Re: [websec] Gen-art LC review of draft-ietf-websec-key-pinning-19

Elwyn Davies <> Sat, 30 August 2014 18:43 UTC

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Date: Sat, 30 Aug 2014 19:42:55 +0100
From: Elwyn Davies <>
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To: Chris Palmer <>
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Subject: Re: [websec] Gen-art LC review of draft-ietf-websec-key-pinning-19
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Hi, Chris.

A couple of remaining points and a couple of nits/queries in the fixes.

I have deleted the items that we are agreed on below and added comments 
in line.

New nits:
s2.6, next to last para: s/previous/previously/

s4, lasta para:
> and indeed MUST pin to issuers not in the chain

Is this a requirements MUST?  The protocol will be quite happy and 
implementers can't (at least I don't think) they can check if the host 
leaves it out.  This is operational advice (admittedly highly relevant) 
but still advice I think.

On 25/08/14 21:23, Chris Palmer wrote:
> On Mon, Aug 11, 2014 at 8:08 AM, Elwyn Davies <> wrote:

>> Ok.  Accepting that the host is expected normally to send the headers on all
>> responses, when SHOULD it not send the headers? (from the previous comments
>> a server that knows it is not multiplexed might be a candidate - or if it
>> knows it has already responded on this connection?)
> I think it's easiest and simplest for servers to simply always send the headers.

Having thought about this a bit, I don't think this text fully reflects 
what is going on in the server.  If I understand correctly, we have:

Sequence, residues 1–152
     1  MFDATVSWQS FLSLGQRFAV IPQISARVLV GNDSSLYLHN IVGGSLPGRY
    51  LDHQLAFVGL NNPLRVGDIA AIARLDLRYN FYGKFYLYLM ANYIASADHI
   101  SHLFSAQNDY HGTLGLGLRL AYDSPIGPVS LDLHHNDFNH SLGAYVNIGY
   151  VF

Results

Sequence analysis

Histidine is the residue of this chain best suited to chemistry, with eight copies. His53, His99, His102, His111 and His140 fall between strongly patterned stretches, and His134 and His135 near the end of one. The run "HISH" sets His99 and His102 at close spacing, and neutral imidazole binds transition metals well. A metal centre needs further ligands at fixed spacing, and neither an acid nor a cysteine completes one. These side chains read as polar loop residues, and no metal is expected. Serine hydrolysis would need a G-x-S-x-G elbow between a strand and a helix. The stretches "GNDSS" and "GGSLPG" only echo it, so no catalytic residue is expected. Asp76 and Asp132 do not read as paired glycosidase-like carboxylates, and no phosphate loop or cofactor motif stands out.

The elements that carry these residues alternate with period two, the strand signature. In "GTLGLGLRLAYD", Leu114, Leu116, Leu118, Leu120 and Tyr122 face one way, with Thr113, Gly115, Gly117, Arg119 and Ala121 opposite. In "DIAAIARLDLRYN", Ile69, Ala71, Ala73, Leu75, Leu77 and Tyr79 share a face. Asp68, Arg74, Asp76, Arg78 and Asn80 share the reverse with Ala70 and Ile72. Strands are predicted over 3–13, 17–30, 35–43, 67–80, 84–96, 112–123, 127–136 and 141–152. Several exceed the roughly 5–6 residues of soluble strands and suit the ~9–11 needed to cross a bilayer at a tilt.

- Server has a policy that it wants to be pinned if it can be 
(presumably this ought to be configurable in the server).
- When a client sends a request over a new secure connection and the 
policy says 'be pinned', the server sends back pinning header(s) in the 
- Thereafter, it MAY for simplicity send pinning headers in all 
subsequent responses on the connection. Alternatively it can do 
something intelligent and not bother sending the headers if it is the 
same connection - but of course this probably means a layer violation.

Thought: Does it make any difference if the client doesn't accept the 
pin? Should success or failure be logged?  Should the host always keep 
sending the headers if the client didn't accept the pin on the first
exchange (is this a possible symptom of a MITM?)?

2.2.1.  HTTP-over-Secure-Transport Request Type

    When replying to an HTTP request that was conveyed over a secure
    transport, a Pinned Host SHOULD include in its response exactly one
    PKP header field, exactly one PKP-RO header field, or one of each.

2.2.1.  HTTP-over-Secure-Transport Request Type

    If a host has a policy of becoming a Pinned Host whenever possible,
    then on replying to an initial HTTP request that was conveyed over a
    secure transport, a host intending to become Pinned Host includes in
    its response exactly one PKP header field, exactly one PKP-RO header
    field, or one of each.  The host MAY include the same header(s)
    with any subsequent responses using the same connection.


>>>>> Also there may be some of the questions in s8.3.1 of RFC 7231 that need
>>>>> specific answers.
>> There are still some of the questions that ought to be explicitly answered.
> To me, the only questions that might not have obvious answers are:
>     o  Whether the header field is useful or allowable in trailers (see
>        Section 4.1 of [RFC7230]).
> Surely not? For the same reason we don't want it in meta http-equiv.
>     o  Whether the header field ought to be preserved across redirects.
> Surely not?
> Any others?

The point was that I guess you ought to explicitly say "not" in each case.


> Changes visible at
> I won't push
> a version 21 until I've gone through the rest of the incoming email.
> Thank you!